It has come to my knowledge that Philippa Foot has died. Foot’s philosophical career reflected a great sea change in the character of 20th Century philosophy. While I’m sure that many qualified persons will address the impact of her life and works; it should be pointed out that Foot, alongside the likes of Hursthouse and Anscombe were responsible for the revival of Aristotle’s moral theory in a time when taking Aristotle seriously was highly suspect. Foot was also known for her engagement in the philosophical question of ‘Why be moral?’ This is pertains to an issue of how one may try to convince a hypothetical amoralist to behaving alongside agreed ethical standards, and concerning the rationality of morality. This particular issue was greatly influential on one of my Ethics tutors at Bristol during my undergraduate years. Foot will perhaps most famously be known for the so-called ‘trolley problem’. Foot’s life should be remembered for an important contribution to 20thC Ethical philosophy.
Who is the real Destre? Some people say it’s Michael, others, one of the other areopagites repeated, but, what does it really matter? Oscar Wilde wrote on the importance of deception and face management as a way of portraying some kind of other reality of a person.
When Liberace died, many were curious about the nature of his death. Liberace was a beloved celebrity in the United States and beyond, representing a certain kind of mindset or kitcsh. For many, he was a cultural icon, for a certain demographic, he was the face of a new wave of technology that was otherwise unfriendly and inaccessible. The legacy of Liberace, unlike that of Sinatra, will not last, and did not last with much warmth after his death.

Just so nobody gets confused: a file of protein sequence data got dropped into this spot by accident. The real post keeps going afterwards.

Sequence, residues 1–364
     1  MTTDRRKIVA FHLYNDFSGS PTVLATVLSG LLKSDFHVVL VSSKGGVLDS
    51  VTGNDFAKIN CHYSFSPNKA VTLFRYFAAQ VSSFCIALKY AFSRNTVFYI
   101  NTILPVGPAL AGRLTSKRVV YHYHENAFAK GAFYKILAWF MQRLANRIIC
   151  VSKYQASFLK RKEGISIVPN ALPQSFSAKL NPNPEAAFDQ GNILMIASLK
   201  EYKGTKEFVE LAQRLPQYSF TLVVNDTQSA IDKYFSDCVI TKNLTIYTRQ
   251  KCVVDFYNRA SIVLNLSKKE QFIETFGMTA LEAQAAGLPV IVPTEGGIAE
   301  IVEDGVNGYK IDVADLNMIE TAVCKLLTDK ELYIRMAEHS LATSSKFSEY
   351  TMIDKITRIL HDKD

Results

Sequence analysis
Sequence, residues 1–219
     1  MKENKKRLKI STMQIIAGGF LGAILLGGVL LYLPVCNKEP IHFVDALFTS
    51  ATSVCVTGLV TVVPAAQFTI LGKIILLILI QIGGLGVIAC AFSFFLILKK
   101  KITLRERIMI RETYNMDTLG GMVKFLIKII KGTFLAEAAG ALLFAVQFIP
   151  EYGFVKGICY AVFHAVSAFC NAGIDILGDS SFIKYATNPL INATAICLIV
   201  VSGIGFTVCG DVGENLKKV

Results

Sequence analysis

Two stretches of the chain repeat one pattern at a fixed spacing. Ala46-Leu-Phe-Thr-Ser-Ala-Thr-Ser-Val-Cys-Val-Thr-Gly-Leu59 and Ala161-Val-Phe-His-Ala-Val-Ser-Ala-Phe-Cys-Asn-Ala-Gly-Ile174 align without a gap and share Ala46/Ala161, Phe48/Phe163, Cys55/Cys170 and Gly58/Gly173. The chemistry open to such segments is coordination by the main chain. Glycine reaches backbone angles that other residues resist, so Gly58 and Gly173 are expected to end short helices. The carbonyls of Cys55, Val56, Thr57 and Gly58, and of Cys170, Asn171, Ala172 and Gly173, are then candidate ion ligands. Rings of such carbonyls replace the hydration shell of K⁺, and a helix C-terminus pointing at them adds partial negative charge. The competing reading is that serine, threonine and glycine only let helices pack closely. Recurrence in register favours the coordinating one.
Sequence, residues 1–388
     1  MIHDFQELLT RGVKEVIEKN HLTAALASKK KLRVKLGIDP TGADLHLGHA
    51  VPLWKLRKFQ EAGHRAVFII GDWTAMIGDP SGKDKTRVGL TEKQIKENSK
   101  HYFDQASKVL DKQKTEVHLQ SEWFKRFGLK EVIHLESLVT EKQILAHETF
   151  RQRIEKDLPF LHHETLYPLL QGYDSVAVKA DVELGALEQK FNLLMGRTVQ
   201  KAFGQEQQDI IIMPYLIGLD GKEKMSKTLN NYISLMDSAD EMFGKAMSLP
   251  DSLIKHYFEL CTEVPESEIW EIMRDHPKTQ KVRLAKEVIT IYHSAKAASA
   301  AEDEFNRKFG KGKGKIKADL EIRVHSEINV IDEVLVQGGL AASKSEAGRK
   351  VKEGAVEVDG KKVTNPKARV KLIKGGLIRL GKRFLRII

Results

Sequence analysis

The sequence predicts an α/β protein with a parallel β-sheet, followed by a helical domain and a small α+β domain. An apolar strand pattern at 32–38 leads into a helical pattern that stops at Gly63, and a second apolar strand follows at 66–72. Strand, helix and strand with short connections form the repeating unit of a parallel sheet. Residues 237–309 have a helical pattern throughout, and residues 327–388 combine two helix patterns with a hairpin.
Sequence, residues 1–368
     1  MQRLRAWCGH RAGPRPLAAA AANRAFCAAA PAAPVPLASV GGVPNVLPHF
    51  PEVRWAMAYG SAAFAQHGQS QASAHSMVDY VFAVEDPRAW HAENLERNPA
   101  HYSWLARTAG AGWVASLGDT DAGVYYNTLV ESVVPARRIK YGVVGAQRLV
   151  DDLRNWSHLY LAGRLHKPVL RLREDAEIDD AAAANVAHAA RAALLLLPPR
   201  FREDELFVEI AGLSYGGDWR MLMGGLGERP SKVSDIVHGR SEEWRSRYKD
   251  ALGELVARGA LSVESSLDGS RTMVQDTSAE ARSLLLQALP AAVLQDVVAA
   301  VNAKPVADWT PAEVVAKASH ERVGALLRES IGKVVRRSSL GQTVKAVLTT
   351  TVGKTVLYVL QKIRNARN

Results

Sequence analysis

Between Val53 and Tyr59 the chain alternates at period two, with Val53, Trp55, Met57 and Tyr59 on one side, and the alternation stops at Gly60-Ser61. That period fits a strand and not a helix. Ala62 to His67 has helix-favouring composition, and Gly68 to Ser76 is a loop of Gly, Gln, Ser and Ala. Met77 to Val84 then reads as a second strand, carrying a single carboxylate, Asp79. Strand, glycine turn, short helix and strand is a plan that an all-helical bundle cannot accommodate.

Why was this? A large speculation is that many peole inquired into the cause of his death. A media frenzy then came of this issue, of how, or why he died. It then became that the man’s reputation, which he took his life to build, was destroyed by the suggestion that he was a homosexual. With that, his career ended in a way that not even his own could have taken away. I see today in the news of some rumours about John Lennon; all interesting for the newspapers to get us buying and watching.
It got me to consider the whole importance of face management in social interactions. In many professions, and to the identity of many social individuals, reptuation, and image, is everything. Perhaps it is that impetus to understand our fascination with trying to find celebrities with their pants down (figuratively and literally). Those icons who work hard to their eminent status and those individuals who have by means of their own effort and goodfill have achieved a status, or did a service, or entertained in ways few people could ever do, are those individuals we are so fascinated in dishing the dirt about.
A galpal once told me, and I think is apt. Everyone has dirty laundry. I was with Michael at the time and he just kept sniggering about a certain person in the room, who had notably dirty laundry. Immaturity aside, the serious point is that we could all find something shambolic and embarrassing about others, perhaps the shambolic and embarrassing thing can be that they have no interesting lives.
If there is an image that can be shattered, the pieces of its shattered glass clearly show that the image was not a false one. The shaming of individuals is mere self-indulgence. Because truths about the self are truths of a different domain of facts than those normal ones we think of. To say there are ‘truths’ about a person is not to speak in a domain of facts, but within an ellipsis. It is, to invoke a pun. A verstehen turth of a person that may or may not be truth-apt, bit far from it is it to assume truth-aptness as a tacit and necessary condition.
Antisophie (and Sinistre*)